Hundreds of Jewish pupils were welcomed back this week, as primary schools across England opened their doors for the first time since lockdown began 10 weeks ago.
Headteachers reported varying levels of attendance from eligible children in Reception, Year 1 and Year 6, as well as vulnerable children and those of keyworkers, according to Partnerships for Jewish Schools (PaJes), the umbrella organisation for Jewish schools in the UK.
While London schools saw “very good attendance”, doors remain closed in Manchester where the R number, also known as the ‘reproduction rate’ of the virus, remains high.
Sinai reported 56% of its pupils attending on Monday, while Yavneh said the “vast majority” of eligible pupils had returned and Hertsmere Jewish Primary School (HJPS) planned for a return of around 180 children, or roughly half of its full intake.
North West London Jewish Day School said 14 out of 16 children in Year 6 and 11 out of 14 children in reception have returned, with the classes split into two groups, which will attend on different days.
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Those figures fall slightly higher than the national picture, which suggests 50% of the two million eligible children across the UK would return, according to the National Foundation for Educational Research.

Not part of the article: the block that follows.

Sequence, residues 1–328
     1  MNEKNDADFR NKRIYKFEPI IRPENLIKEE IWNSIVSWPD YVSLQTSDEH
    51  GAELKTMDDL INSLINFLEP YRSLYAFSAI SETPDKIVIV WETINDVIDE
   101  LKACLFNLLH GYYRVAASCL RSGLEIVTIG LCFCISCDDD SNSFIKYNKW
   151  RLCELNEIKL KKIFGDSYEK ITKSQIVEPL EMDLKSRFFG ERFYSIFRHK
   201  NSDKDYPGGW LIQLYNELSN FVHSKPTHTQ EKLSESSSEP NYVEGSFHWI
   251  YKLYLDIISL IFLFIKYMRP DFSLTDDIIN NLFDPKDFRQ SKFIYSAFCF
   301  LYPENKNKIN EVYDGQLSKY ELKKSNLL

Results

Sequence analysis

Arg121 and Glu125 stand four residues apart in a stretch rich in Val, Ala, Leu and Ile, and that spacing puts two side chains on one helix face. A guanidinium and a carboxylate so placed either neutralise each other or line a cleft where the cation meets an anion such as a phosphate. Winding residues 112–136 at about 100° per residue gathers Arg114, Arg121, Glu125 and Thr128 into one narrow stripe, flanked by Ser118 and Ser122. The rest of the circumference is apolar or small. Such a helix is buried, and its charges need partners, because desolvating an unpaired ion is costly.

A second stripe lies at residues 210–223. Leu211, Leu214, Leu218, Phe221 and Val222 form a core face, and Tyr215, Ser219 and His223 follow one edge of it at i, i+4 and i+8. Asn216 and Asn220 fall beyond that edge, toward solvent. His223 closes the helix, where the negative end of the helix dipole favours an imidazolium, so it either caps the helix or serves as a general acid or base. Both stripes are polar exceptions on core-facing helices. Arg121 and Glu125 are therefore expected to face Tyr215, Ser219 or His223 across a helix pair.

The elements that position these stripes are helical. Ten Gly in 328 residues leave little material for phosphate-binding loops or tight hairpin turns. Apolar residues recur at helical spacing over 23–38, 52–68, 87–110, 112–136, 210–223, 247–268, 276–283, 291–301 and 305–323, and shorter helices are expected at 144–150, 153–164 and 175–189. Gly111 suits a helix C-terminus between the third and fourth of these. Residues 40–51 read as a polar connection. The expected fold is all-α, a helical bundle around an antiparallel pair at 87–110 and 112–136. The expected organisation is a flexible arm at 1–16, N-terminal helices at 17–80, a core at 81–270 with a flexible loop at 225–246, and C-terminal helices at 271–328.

In preparation for reopening, the schools have taken a raft of measures, including smaller class sizes, differing break times and staggered drop-off and collection times, while also maintaining the regular hygiene and social distancing measures recommended by government guidelines.
PaJeS executive director, Rabbi David Meyer said: “Primary schools across the community have been opening this week after taking exceptional measures to ensure the safety of the children and staff.
“It is to the credit of the leadership of the schools that they have yet again risen to this challenge and are managing this exceptionally challenging process.
“The next few weeks will be critical and PaJeS continues to liaise with the doctors in order to assist schools in the provision of a safe and protected learning environment.”
Rita Alak-Levi, headteacher of HJPS in Radlett said: “We planned for the return of 15 ‘bubbles’ with an average of 12 pupils per bubble. Planning of the bubbles took a huge amount of time as we considered all aspects of the children’s safety and well-being as a primary concern. Parents were also understandably concerned about committing their children to return.
“We have been delighted to receive positive feedback from parents, who have clearly been impressed by our planning and organisation.”
Meanwhile, Caroline Field, headteacher at Yavneh Primary School said students, “have happily returned to school this week with great excitement and enthusiasm. We have missed seeing them and are looking forward to teaching them at school.”
Juliette Lipshaw, headteacher at Sinai, added: “It is such a pleasure to have reopened our doors. We welcomed 56% of the children on day one and we expect this to rise when the children return home to share their news about how happy they have been. I am delighted that after weeks of strategising our action plan is working well.”
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